Does LA-Area Need All That Natural Gas from Aliso Canyon? Not Really, Study Finds

Southern California won’t plunge into darkness this summer or next winter if the Aliso Canyon natural gas facility remains untapped for a while longer, according to conclusions reached in a Los Angeles County study.

The findings, compiled by researchers with EES Consulting Inc., contradict warnings by state regulators of rolling blackouts and no heat if withdrawals of natural gas from wells in Aliso Canyon continued to be postponed.

Consultants said in the study several mitigation efforts that included using other sources of reliable energy and conservation worked well enough so that withdrawing natural gas from the wells in Aliso Canyon is unnecessary in the short term. In addition, the wells contain enough natural gas in case of emergencies so that injecting them with more product also wasn’t needed.

“There is sufficient time to aggressively implement demand-side mitigation measures that will eliminate the need to withdraw gas from Aliso Canyon during the next winter season,” according to researchers.

• RELATED STORY: Aliso Canyon bill hits road block in state Legislature

The study comes into public light just as a state bill aimed at temporarily keeping the Aliso Canyon natural gas storage facility shut down will be heard today by the Senate Energy Committee. Specifically, Senate Bill 57, co-authored by State Sen. Henry Stern, D-Canoga Park, calls for a deep examination into the cause of a massive 112-day natural gas leak from one of the Aliso Canyon wells. From October 2015 until February 2016, an aged natural gas well in Aliso Canyon spewed more than 100,000 metric tons of methane into the atmosphere. The event, which has been described as unprecedented, sickened hundreds of residents and prompted the relocation of more than 8,300 households and two schools in the northwest San Fernando Valley.

Residents from nearby Porter Ranch were most affected and have called on state regulators and Gov. Jerry Brown to decommission the facility once and for all. In addition, Los Angeles County filed a lawsuit against state regulators last month to keep the facility closed until the cause of the massive leak is known.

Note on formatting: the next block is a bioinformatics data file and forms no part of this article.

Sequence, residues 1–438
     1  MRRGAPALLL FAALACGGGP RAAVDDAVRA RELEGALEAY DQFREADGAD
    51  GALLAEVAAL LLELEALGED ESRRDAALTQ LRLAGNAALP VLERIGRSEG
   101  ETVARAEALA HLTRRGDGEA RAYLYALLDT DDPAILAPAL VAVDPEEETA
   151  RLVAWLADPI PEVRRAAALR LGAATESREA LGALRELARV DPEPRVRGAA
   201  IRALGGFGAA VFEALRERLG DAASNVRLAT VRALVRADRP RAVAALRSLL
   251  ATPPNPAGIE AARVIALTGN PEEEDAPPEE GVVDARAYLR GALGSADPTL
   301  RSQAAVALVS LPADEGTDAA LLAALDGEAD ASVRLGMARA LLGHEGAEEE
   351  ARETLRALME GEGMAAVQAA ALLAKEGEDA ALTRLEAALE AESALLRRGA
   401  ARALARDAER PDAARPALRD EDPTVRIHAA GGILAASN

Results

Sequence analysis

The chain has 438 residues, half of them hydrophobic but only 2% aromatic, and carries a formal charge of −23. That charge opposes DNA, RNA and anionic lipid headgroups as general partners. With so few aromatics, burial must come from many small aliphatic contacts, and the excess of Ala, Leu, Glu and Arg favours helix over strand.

“This report confirms what we’ve been saying and is that the urgency to reinject is not urgent, and that they can go forward with root-cause analysis,” said Tony Bell, a spokesman for Los Angeles County Supervisor Kathryn Barger.

• RELATED STORY: LA leader fights to boost Porter Ranch health study, says gas leak settlement ‘ignores’ community

But Southern California Gas Co., operators of the Aliso Canyon natural gas facility, maintain that use of the wells remains critical to the region’s energy consumption. In January, state regulators allowed SoCalGas to withdraw natural gas from functional wells in the area in anticipation of low winter temperatures.

“The consultant’s report to the county demonstrates a fundamental lack of understanding about how our natural gas and electricity systems work,” said SoCalGas spokesman Chris Gilbride in a statment. “As the state clearly recognizes, Aliso Canyon is a critical energy resource that is necessary to maintain the reliability of our region’s natural gas and electricity systems. The state’s energy experts have concluded Aliso Canyon is necessary in three consecutive technical assessments. And, unlike the county’s report, the state’s assessments have been independently reviewed or verified by experts at the National Labs.”

Several state regulators, including the California Public Utilities Commission, offered cautious responses to the study, saying that voluntary reductions of gas usage on high demand days this summer would have to be used “if Aliso Canyon is unavailable for withdraws.”

“While the need for Aliso Canyon to meet demand in L.A. on high gas demand days has been reduced over the past year due to the success of mitigation measures and infrastructure upgrades to the electric transmission system, there is still a risk that there would be insufficient supplies of gas during a summer heat wave that could lead to curtailment of electric service,” Terrie Prosper, spokeswoman for the CPUC, said in a statement Monday.

“The CPUC will respond to the study as part of changes made to the final report in response to all comments,” she added.

• RELATED STORY: CSUN geology professor digs into Aliso Canyon fault

Both the CPUC and the California Division of Oil, Gas, and Geothermal Resources are weighing whether Aliso Canyon can reopen as inspections of the wells continue.

“So far, 42 have passed all six of the tests required to resume injection, should it be allowed to resume at some point,” said Don Drysdale, spokesman for the oil and gas agency.

A spokesman with the California Energy Commission said only that several agencies will continue to work together “to assure the energy system for Southern California remains reliable given the situation at the Aliso Canyon natural gas storage field.”

Matt Pakucko, president of Save Porter Ranch, said the results in the county study came as no surprise and only confirmed that the region can live without natural gas from Aliso Canyon.

“How many reports, how many energy experts is it going to take?” he asked.

Does LA-Area Need All That Natural Gas from Aliso Canyon? Not Really, Study Finds, by Susan Abram, Los Angeles Daily News, April 3, 2017.

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